Adding coloured gels to your lighting setup can result in some really eye-catching and interesting results. In this photography class, Karl teams up with Broncolor’s Urs Recher to show you how you can get creative with different lighting gels.
In the class:
- Fashion photography using coloured gels
- How to use reflectors for fashion photography
- Learn how to control shadows and add colour
- Different lighting modifiers for fashion photography
- Working with models and giving creative direction
For this shoot, I wanted to incorporate coloured lighting by using a combination of coloured gels and reflectors. In previous classes, you may have seen me use gels to add some subtle colour, but for this, I wanted something far more aggressive and dramatic.
To do this, I used a total of seven lights (five of which had gels on them) but it was important that I carefully control each light, it’s direction and power, if I was to achieve the shot I had imagined.
To create the coloured effect that I wanted I used blue and red gels to reflect colour into the shadows on my model and carefully blended my two background lights to create a more purple light.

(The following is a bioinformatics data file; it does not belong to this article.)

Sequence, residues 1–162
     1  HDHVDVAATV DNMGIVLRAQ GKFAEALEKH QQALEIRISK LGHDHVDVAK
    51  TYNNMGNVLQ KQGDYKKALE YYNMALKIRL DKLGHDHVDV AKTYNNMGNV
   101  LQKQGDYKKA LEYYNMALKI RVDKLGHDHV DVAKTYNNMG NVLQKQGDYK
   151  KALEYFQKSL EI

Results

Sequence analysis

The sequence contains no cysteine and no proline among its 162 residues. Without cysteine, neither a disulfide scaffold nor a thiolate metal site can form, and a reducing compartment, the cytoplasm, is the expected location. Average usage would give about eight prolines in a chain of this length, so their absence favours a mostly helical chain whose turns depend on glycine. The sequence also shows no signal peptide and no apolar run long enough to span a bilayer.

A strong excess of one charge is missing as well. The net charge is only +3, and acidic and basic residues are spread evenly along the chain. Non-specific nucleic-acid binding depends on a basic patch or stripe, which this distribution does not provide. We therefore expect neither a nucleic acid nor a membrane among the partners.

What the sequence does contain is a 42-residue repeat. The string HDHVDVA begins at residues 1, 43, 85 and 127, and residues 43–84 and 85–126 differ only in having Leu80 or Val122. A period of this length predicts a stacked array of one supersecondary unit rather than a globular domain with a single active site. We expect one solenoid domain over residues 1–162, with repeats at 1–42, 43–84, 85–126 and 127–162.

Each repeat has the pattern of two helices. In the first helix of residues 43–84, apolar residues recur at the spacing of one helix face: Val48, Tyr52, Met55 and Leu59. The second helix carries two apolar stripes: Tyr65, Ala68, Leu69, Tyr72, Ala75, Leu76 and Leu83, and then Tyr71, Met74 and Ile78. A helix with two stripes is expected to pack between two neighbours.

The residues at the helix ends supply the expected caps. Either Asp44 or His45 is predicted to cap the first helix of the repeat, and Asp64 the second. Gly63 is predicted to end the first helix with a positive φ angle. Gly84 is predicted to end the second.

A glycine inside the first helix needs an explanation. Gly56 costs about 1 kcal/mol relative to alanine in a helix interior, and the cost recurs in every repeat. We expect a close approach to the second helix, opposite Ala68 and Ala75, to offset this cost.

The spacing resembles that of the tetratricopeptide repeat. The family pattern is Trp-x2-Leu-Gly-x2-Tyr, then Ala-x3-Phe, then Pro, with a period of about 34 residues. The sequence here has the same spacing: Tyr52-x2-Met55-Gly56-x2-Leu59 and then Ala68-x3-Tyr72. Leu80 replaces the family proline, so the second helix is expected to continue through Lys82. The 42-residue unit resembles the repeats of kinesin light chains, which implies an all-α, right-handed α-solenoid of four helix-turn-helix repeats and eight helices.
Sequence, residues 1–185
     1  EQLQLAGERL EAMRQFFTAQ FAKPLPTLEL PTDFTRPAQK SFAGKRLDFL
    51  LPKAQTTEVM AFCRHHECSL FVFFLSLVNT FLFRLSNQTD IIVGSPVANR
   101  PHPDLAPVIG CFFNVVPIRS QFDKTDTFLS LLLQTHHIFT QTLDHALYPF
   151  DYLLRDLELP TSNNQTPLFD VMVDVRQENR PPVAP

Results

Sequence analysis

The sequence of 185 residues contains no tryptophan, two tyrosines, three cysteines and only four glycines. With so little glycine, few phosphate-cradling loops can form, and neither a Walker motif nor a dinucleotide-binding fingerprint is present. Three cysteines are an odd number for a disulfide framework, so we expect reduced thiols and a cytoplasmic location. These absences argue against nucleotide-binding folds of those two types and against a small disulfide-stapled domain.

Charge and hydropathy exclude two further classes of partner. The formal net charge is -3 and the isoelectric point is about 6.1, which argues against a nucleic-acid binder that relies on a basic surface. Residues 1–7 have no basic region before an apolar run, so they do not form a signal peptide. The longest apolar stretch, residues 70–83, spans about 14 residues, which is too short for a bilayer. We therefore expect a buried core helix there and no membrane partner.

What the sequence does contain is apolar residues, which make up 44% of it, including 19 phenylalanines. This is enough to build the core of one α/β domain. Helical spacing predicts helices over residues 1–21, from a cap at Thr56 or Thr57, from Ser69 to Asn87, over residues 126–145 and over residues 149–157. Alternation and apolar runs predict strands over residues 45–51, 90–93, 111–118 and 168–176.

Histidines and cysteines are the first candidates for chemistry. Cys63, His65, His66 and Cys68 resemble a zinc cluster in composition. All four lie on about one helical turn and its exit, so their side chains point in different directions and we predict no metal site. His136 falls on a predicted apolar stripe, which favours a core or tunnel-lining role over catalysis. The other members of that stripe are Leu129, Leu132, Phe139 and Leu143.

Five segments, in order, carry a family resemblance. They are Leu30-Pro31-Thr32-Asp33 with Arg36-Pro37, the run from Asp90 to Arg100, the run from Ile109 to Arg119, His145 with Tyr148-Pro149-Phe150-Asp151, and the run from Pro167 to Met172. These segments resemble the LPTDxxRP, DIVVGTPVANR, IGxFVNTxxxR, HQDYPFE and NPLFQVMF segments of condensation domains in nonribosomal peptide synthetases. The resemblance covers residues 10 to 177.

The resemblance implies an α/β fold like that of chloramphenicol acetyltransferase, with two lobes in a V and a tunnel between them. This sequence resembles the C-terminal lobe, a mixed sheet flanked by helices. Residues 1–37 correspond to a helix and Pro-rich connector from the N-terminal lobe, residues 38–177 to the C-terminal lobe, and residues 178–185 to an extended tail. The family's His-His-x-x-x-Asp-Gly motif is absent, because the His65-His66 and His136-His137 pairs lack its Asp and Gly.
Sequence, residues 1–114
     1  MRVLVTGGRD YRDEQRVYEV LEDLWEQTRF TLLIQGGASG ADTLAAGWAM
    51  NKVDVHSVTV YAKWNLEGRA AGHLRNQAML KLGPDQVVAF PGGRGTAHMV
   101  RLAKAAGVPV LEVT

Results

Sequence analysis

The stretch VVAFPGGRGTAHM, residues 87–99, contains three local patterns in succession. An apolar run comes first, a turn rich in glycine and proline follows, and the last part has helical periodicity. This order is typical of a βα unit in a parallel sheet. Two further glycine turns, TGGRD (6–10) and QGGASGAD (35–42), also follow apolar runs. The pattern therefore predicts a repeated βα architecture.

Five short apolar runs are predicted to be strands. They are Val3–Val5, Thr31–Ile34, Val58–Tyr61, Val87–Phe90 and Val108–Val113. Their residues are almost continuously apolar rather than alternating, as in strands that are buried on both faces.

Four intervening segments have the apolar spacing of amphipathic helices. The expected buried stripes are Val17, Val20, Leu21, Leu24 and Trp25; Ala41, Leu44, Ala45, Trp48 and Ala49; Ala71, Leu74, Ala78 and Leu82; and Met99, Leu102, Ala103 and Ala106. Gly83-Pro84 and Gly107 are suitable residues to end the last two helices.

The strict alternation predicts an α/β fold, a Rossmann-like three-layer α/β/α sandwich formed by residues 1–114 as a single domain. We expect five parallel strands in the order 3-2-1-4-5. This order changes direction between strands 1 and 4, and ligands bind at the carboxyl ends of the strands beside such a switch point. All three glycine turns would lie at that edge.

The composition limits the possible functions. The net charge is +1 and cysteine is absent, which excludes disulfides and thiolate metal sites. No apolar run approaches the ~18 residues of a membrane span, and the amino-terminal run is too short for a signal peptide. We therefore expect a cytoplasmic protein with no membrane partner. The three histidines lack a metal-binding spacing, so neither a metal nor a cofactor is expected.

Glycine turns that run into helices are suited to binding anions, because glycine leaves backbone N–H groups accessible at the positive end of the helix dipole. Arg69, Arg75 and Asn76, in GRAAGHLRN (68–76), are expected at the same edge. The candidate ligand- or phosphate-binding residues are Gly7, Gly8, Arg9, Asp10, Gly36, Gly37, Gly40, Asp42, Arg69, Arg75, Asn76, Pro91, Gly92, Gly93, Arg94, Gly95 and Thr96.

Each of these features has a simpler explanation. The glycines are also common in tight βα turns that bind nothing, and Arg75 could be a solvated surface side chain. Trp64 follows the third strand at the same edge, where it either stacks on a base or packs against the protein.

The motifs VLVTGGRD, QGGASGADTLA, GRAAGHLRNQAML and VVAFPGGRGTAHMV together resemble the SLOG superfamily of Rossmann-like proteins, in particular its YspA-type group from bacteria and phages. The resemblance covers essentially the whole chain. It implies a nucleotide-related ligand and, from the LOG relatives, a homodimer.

Of the five lights used on the model, only two were direct light. I used the broncolor Satellite Staro as a gentle fill light for the face and shoulders and a picolite with a snoot as the key light on the face.
To add some colour and light into the shadow, I used carefully positioned reflectors with gelled lighting shining into them. I used two blue lights to the left of the model and one red one to the right.
To control my light I used a variety of modifiers. I used fresnels, snoots, P70s and grids to shape my light and minimize the spread. These allowed me to create precise pockets of light and colour, allowing me to both blend and isolate particular colours.
Once I was happy with the lighting, I asked my model to run through a variety of poses — from hard, angled poses to fierce and angry or sexy and sultry — and added a ‘wind machine’ (in this case a large, handheld piece of card).
Although I used quite a few lights for this shoot, the effort and time it took to perfect everything was definitely worth it as we got some really interesting results.
The final image:
If you’d like to learn more about using coloured gels or fashion photography, visit our Portrait and Fashion sections for some inspiration and tips. I’ve also put together a list of other courses that you’ll find useful for understanding light and how to control it.
- Introduction and understanding light
- Understanding the emotion of light
- Lighting modifiers and their effects
- Warm and cold portrait
Questions? Please post them in the comments section below.